The primary after a presidential election typically is something less than an afterthought, but what happened in polling places across the suburbs of Philadelphia last week might qualify well as historic.
As many Democrats showed up to vote in an off-year election in Delaware County as Republicans, who have dominated local government for more than a century. That was unprecedented, said David Landau, head of the county Democrats.
In Montgomery County, more than 50,000 Democrats showed up to cast ballots -- double the 2013 number.
After being devastated by the loss of the White House in November, party leaders in the politically pivotal Philadelphia suburbs say they are jubilant over what they see as the first tangible sign that months of Trump rage might be turning into electoral muscle.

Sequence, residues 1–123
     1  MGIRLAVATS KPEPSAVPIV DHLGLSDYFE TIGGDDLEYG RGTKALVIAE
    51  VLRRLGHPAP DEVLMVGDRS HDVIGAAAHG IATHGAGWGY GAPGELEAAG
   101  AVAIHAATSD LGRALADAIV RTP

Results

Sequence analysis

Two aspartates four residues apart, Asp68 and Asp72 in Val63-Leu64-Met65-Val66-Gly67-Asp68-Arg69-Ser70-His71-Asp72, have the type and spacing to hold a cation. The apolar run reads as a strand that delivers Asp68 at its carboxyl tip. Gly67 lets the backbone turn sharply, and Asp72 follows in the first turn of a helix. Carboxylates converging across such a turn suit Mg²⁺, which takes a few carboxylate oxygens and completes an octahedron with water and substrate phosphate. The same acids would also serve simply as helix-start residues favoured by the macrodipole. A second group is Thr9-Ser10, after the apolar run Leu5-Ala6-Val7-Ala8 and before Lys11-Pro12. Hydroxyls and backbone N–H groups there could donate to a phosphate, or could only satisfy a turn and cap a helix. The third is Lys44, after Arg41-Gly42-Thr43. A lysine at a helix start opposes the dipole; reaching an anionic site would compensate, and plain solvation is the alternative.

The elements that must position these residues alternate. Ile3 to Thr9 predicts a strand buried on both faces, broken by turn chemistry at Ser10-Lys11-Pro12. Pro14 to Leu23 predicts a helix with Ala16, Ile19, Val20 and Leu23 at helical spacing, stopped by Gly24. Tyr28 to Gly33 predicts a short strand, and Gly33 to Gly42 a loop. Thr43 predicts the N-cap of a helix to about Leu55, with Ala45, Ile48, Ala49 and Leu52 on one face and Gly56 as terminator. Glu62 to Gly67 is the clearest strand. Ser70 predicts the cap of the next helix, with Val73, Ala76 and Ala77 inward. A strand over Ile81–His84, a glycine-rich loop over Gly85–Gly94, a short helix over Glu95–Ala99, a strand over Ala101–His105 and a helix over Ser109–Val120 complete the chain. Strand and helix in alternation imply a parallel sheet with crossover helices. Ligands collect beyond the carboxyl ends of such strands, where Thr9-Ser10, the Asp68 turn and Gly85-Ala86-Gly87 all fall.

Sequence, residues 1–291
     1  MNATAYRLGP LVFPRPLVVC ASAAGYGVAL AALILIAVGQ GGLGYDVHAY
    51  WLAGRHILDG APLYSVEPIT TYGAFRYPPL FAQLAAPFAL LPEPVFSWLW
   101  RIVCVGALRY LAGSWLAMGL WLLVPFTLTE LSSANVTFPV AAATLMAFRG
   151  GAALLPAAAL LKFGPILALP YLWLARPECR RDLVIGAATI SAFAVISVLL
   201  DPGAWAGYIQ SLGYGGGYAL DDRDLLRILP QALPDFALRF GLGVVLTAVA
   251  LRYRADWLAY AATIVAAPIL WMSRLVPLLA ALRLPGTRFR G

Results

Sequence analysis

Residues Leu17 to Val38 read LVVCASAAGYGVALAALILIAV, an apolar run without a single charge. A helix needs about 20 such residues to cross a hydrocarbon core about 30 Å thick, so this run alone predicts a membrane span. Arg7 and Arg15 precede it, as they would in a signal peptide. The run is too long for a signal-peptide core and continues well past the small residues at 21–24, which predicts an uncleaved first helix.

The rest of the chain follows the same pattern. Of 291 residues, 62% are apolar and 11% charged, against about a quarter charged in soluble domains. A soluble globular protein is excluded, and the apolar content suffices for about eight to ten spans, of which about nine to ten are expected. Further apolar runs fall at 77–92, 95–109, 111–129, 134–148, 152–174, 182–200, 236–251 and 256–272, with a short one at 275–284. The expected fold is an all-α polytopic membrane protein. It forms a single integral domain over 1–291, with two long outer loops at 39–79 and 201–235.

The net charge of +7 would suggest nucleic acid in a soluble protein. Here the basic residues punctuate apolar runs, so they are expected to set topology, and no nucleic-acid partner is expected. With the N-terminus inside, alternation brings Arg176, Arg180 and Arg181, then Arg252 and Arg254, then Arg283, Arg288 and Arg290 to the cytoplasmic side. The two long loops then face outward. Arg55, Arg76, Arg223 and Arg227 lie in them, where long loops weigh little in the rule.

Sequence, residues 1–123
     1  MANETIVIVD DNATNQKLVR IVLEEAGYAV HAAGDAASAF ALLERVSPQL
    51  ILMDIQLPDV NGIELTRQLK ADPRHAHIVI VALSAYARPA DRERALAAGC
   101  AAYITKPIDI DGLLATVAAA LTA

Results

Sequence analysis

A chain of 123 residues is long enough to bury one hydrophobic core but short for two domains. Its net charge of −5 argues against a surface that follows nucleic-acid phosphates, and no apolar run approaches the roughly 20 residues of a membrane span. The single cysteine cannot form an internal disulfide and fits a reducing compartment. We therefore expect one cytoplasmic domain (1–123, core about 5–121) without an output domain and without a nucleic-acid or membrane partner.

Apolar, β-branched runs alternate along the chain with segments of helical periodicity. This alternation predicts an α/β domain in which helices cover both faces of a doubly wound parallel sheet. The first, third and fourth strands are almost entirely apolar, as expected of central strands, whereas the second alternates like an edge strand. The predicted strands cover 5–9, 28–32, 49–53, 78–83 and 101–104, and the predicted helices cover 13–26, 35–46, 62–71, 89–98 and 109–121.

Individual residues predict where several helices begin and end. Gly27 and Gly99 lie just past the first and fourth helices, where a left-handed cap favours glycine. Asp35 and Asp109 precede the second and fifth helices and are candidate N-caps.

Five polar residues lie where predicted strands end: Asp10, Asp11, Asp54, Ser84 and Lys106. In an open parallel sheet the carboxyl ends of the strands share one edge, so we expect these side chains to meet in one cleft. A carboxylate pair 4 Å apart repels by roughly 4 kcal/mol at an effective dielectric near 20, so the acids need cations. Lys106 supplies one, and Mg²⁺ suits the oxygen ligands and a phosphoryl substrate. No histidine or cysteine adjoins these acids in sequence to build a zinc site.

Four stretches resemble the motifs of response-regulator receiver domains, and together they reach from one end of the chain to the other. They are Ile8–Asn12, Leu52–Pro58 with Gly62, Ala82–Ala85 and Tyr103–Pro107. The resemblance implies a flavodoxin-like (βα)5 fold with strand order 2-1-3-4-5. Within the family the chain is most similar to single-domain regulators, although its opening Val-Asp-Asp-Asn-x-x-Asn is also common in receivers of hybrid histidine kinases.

Delaware County GOP chief Andrew Reilly acknowledged a Trump effect. "This happened because the frustration, the perception, that Donald Trump is not a legitimate president," Reilly said. "We expected it."
It’s not that Republicans stayed home; their numbers were comparable to other off-year elections, based on unofficial returns. It’s just that Democrats came out.
Ordinarily, the primary after a presidential election is a pro forma exercise involving low-profile or ignored races for judgeships, county and municipal offices and school-board seats.